top of page


Sr Louise O'Rourke

This Sunday’s Gospel has us continue the journey with Jesus. He has left Jericho and is en-route to Jerusalem. We are told that his disciples and a large crowd are with Him and as they journey, they encounter a blind beggar. The encounter takes place at the side of the road, ‘para ho hodos’ as the Greek text offers. The word ‘hodos’ in Greek means a path, a way, which gives us the root for words like ‘syn-odos’ (which we are hearing a lot about in these days) and ‘ex-odos’.

Often in life we can feel that we are sitting on the side of the road- stuck and not able to move forward. We can be like Bartimaeus, no longer moving toward goodness, fulfilment and fulness of life, but stuck in sin and death, that is, until we encounter Jesus. There is a new sense of hope for Bartimaeus, and he cries out to Jesus, not once but twice. The beautiful thing is that he is named- even though he is for many, a blind beggar, St. Mark names him and links him to his family, he is Bartimaeus, the son of Timaeus. He may be ‘just’ a blind beggar to most people, but he is someone’s son, a brother, a child of God loved into existence, someone to be noticed. However, the crowd tries to silence him when he cries out to Jesus. Maybe they felt awkward, maybe he challenged their blindness which led them to hope that Jesus would be a triumphant and power-filled leader, crushing the opponents, not someone who would waste time with a beggar sitting in the dust. Jesus would show the disciples that He is a Messiah who hears the cry of the poor, sees those on the side of the road and on the margins. He is Christ the Healer who opens the eyes of the blind and heals the lame (2nd reading). Jesus uses the disciples as an instrument to call the blind man to him and they greet him with the words: ‘Courage’ or in other translations we read, ‘take heart’. Jesus always restores and uplifts and, in the words of the prophet He ‘puts a new heart and a new spirit within’ (Ezekiel 36:26). The response of Bartimaeus is instantaneous- he throws away his cloak away and jumps up. He is now upright. Jesus asks the blind man the same question which He posed to the rich man, which we read in the Gospel two Sundays ago: ‘What do you want me to do for you?’ The blind man replies with a response which shouldn’t really surprise us: ‘Lord, that I may see.’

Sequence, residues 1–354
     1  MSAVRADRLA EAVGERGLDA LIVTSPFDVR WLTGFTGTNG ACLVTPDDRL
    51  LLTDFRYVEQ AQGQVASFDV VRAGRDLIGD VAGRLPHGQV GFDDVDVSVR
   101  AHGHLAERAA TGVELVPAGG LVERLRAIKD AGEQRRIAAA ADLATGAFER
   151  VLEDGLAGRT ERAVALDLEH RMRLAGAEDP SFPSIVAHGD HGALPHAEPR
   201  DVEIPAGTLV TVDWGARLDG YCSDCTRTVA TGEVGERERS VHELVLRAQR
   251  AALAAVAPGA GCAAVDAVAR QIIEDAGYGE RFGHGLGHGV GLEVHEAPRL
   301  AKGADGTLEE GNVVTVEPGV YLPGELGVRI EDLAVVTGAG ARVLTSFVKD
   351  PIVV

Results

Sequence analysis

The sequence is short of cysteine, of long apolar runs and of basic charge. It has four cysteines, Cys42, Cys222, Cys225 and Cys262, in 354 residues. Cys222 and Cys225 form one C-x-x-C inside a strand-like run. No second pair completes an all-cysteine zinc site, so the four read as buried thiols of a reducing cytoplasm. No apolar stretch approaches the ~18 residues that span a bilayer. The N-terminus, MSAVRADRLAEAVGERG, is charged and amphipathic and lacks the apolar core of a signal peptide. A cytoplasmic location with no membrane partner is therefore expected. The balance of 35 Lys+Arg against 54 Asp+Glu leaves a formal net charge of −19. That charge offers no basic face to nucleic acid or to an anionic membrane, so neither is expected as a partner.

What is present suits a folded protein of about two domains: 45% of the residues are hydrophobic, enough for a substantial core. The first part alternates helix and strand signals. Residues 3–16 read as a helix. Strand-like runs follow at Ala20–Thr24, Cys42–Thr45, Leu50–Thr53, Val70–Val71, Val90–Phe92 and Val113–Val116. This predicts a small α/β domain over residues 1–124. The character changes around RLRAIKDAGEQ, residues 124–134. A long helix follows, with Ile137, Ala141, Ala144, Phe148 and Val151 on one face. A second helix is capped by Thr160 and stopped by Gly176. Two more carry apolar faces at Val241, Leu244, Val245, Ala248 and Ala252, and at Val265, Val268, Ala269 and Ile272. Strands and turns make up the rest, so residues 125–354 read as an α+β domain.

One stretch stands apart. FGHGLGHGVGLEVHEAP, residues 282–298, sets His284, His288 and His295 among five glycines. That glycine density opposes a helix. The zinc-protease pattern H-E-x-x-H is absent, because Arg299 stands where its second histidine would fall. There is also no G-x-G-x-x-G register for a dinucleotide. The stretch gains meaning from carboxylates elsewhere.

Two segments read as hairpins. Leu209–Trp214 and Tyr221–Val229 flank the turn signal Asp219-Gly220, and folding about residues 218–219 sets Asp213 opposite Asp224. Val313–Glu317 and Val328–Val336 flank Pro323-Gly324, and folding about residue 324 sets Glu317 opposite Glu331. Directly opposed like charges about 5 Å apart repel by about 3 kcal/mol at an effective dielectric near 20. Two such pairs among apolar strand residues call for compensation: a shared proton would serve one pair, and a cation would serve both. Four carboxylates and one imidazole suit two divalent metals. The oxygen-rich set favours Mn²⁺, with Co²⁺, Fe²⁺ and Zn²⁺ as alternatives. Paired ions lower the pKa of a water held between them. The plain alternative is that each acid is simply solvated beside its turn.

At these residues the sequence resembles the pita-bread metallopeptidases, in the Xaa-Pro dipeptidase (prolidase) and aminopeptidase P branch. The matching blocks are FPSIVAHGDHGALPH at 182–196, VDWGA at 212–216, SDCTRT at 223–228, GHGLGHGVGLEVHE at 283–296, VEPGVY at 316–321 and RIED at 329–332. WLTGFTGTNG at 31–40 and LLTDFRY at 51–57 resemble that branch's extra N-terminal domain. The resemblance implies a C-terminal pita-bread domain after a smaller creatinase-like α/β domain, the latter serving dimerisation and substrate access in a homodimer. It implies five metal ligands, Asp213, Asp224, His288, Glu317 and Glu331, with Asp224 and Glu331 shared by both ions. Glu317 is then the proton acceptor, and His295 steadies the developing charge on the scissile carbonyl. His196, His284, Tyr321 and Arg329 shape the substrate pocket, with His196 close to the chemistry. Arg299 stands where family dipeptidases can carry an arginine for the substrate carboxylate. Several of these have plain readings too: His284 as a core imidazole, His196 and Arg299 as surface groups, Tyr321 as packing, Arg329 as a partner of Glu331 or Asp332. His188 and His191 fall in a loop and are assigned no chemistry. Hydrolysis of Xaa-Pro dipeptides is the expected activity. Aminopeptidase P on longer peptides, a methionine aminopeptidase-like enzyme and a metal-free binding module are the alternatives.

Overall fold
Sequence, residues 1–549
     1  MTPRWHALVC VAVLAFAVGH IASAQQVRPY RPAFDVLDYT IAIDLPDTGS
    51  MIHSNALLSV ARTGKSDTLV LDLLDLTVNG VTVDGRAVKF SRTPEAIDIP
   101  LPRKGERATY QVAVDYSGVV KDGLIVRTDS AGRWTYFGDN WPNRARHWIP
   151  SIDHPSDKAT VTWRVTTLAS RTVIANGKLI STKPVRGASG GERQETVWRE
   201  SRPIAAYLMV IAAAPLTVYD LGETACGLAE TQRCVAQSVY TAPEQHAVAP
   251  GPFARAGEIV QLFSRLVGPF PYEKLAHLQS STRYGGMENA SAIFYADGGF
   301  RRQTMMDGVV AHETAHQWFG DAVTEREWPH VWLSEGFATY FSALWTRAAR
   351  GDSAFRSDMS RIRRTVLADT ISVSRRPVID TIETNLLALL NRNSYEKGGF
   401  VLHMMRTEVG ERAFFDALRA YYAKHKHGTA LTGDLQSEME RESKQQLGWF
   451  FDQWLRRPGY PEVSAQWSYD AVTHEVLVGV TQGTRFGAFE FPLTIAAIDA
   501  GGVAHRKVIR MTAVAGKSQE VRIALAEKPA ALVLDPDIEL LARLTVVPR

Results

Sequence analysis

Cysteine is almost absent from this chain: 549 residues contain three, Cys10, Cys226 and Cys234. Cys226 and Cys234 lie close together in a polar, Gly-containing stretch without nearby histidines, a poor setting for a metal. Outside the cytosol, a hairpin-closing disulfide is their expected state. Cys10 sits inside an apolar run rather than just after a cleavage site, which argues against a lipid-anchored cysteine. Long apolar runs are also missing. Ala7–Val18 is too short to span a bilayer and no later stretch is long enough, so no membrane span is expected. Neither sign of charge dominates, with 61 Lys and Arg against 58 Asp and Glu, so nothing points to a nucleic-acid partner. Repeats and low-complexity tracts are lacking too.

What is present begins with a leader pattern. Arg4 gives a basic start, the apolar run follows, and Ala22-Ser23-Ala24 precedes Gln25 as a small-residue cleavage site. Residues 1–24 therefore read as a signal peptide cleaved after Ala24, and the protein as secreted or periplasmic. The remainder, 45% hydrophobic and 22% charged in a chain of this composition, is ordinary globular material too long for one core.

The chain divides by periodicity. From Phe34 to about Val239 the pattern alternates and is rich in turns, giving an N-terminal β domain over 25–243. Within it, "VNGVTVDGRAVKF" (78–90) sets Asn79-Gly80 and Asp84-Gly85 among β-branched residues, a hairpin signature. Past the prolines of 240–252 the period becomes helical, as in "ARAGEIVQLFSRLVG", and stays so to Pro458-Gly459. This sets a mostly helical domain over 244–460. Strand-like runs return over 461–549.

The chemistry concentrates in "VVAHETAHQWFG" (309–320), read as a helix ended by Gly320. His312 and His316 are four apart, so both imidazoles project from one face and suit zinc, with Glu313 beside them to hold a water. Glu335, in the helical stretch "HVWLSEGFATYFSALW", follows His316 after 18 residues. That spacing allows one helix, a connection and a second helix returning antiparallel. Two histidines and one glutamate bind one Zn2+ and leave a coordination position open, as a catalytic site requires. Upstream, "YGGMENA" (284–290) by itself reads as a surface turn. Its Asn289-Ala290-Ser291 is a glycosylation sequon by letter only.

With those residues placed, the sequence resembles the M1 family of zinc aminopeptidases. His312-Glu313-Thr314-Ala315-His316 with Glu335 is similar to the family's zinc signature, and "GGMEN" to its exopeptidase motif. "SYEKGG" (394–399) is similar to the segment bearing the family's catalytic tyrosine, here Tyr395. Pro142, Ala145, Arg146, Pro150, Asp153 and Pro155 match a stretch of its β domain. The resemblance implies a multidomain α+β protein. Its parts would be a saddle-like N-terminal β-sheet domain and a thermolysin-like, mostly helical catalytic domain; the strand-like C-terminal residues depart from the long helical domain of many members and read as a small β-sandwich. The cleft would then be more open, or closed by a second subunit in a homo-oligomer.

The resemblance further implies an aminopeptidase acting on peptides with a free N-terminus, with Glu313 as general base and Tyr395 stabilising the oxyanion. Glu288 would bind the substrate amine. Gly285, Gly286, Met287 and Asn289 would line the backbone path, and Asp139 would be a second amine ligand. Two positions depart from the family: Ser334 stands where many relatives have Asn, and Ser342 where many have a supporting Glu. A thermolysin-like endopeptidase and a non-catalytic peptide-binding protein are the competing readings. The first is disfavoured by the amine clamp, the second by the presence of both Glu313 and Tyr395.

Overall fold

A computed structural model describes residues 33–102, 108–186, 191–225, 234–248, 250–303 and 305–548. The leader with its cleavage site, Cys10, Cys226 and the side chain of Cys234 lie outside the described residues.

There are many kinds of blindness aside from physical blindness and too often, we humans are prone to be blind to our blindness. We all have a blind spot- something we don’t see in ourselves, but others can see. Biases which colour our lives where we wear blinkers which create distorted images of others, both as individuals and as groups or communities. One of the key moments of growth is when we can work on our blind spots, especially our spiritual blind spots. We can all carry feelings of inadequacy, incompetence, unworthiness, or rejection which are difficult for some individuals to face directly, and yet can be seen by others. In the spirit of Gospel humility and by creating trusting relationships, it is possible to arrive of new levels of awareness which allow us to truly see.

More than often our failure to move off the side of the road is actually a fear of being healed, that we might have to make drastic changes in our life, to leave behind what is familiar and embrace a new way, a new ‘hodos’. God asks us to have our vision restored so that we can enter God’s great vision. He does this out of love and in truth for it is the truth which sets us free. As Pope Emeritus Benedict reminds us: “Love without truth would be blind; truth without love would be like 'a clanging cymbal' (I Cor 13: 1).”

The Gospel concludes showing us that Bartimaeus (no longer named as the blind man) follows Jesus along the way after he is healed. So, are we ready to move off the side of the road and follow Jesus who is the Way, He is the ‘Hodos’ (Jn 14:6). As this Sunday we celebrate World Mission Sunday, may we each hear the words of the disciples: “Courage, get up, He is calling YOU!”

bottom of page